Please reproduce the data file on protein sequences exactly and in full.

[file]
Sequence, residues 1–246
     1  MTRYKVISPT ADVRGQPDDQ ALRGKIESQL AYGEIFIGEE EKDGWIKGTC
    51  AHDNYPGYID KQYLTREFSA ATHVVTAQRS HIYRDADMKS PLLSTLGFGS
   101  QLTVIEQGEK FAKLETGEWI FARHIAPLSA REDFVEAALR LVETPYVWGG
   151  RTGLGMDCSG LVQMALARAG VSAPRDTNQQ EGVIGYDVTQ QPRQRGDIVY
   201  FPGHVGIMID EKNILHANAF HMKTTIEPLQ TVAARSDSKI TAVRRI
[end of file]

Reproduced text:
Sequence, residues 1–246
     1  MTRYKVISPT ADVRGQPDDQ ALRGKIESQL AYGEIFIGEE EKDGWIKGTC
    51  AHDNYPGYID KQYLTREFSA ATHVVTAQRS HIYRDADMKS PLLSTLGFGS
   101  QLTVIEQGEK FAKLETGEWI FARHIAPLSA REDFVEAALR LVETPYVWGG
   151  RTGLGMDCSG LVQMALARAG VSAPRDTNQQ EGVIGYDVTQ QPRQRGDIVY
   201  FPGHVGIMID EKNILHANAF HMKTTIEPLQ TVAARSDSKI TAVRRI